We develop a formal representation of the economy-ecosystem interaction problem by distinguishing between stock-flow, and fund-flux spaces (Georgescu-Roegen, 1971). We then define dimensionless quantities in both the cardinal stock-flow space and the ordinal fund-flux space. This leads to analytic definitions of natural capital and natural income in the fund-flux space. We show that a stock-fund representation of the economy-ecosystem interaction problem helps investigate aggregation properties of biophysical metrics. In particular, we show how a metric that is dimensionally consistent in the stock-flow space can have dimensional problems in the fund-flux space. Ecological footprint is used as an illustrative example. Finally, we argue that dimensionally consistent metrics are keys to further the development of biophysical assessments as a tool for practical environmental policy. © 2010 Elsevier B.V. Source


Malghan D.,Indian Institute of Management Bangalore
Ecological Economics | Year: 2010

We develop a formal framework to investigate the relationship between ecological economics' concept of scale, and the more traditional concerns of allocation, and distribution. The framework presented here helps clarify differences between the normative and positive aspects of scale, allocation, and distribution. In particular, we distinguish between 'normative rules' and 'normative benchmarks'. This distinction helps untangle the web of hierarchical and evolutionary relationships that connect scale, allocation, and distribution. We also introduce concepts of scale efficiency and distribution efficiency as counterparts to the widely used allocation efficiency, and develop a simple dynamic model relating these three efficiencies. We then present stylized facts about the relationship between scale, allocation, and distribution that this model helps uncover. © 2010 Elsevier B.V. Source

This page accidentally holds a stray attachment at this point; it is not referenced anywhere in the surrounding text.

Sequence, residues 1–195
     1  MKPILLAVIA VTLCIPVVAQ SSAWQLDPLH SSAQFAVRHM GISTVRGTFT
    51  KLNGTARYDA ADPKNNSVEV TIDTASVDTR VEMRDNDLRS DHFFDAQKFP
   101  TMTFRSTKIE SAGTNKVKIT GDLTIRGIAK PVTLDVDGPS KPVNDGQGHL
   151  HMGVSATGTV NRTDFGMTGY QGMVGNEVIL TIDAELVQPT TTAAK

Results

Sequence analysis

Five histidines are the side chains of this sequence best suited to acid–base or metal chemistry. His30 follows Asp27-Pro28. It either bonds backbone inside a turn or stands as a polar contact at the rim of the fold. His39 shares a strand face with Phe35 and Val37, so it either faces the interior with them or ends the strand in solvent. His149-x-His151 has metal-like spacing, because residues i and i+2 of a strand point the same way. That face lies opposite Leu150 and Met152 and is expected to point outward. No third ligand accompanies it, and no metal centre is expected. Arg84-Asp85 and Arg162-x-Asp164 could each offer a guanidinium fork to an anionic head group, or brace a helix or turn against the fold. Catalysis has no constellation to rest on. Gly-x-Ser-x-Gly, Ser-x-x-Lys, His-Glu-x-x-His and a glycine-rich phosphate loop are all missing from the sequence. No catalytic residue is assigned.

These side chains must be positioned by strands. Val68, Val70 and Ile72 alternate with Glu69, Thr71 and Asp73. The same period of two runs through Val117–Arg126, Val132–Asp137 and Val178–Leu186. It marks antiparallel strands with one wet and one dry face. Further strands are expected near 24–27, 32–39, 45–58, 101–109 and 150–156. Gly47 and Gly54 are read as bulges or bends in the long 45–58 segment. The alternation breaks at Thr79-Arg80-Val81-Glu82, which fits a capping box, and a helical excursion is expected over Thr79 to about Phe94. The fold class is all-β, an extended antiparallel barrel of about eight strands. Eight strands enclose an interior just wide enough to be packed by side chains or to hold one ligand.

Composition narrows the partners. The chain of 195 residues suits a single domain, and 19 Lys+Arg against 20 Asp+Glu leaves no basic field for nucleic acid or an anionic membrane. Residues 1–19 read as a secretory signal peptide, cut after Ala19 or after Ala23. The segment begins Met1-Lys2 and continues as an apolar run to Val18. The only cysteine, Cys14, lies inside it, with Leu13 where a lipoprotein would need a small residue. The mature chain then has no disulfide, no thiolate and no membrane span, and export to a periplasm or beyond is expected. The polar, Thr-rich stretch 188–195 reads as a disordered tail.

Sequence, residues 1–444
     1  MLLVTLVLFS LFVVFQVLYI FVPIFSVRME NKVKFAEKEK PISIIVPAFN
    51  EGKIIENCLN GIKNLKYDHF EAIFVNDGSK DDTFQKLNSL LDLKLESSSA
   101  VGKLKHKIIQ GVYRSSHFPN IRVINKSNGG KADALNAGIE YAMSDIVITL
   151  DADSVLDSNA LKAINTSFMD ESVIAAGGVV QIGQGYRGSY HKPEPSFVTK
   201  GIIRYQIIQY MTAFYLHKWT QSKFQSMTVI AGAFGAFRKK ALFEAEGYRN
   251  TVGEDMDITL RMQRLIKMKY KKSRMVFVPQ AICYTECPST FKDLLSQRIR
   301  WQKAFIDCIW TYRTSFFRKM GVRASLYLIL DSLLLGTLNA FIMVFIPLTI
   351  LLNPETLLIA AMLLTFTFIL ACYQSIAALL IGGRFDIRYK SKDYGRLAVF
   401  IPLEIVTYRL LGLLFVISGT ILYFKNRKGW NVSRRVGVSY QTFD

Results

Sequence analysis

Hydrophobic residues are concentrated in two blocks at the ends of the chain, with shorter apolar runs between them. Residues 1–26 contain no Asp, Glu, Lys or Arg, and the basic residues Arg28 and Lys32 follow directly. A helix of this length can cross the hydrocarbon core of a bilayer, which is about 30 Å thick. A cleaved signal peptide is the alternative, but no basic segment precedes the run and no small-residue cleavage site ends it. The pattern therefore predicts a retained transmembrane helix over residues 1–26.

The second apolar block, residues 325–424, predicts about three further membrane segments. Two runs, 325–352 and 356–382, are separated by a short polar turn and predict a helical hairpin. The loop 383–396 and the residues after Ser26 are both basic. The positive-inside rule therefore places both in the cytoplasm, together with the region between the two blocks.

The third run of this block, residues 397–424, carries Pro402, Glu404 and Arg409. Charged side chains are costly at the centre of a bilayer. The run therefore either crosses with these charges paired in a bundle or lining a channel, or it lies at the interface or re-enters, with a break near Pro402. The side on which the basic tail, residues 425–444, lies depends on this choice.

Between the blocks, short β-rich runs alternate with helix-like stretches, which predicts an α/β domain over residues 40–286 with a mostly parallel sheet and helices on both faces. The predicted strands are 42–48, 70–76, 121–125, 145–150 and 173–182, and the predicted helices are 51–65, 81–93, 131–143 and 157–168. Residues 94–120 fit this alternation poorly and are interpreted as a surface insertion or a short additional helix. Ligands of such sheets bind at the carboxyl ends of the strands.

Sen G.,Indian Institute of Management Bangalore
Global Public Health | Year: 2014

Women's health is currently shaped by the confluence of two important policy trends - the evolution of health system reform policies and from the early 1990s onwards, a strong articulation of a human rights-based approach to health that has emphasised laws and policies to advance gender equality and sexual and reproductive health and rights (SRHR). The drive for sexual and reproductive rights represents an inclusive trend towards human rights to health that goes beyond the right to health services, directing attention to girls' and women's rights to bodily autonomy, integrity and choice in relation to sexuality and reproduction. Such an expanded concept of the right to health is essential if laws, policies and programmes are to respect, protect and fulfil the health of girls and women. However, this expanded understanding has been ghettoised from the more mainstream debates on the right to health and was only partially included in the Millennium Development Goals. The paper argues in favour of a twofold approach in placing SRHR effectively in the context of the post-2015 development agenda: first, firmly ground it in an inclusive approach to the right to health; and second, drawing on two decades of national-level implementation, propose a forward-looking agenda focusing on quality, equality and accountability in policies and in programmes. This can build on good practice while addressing critical challenges central to the development framework itself. © 2014 Taylor & Francis. Source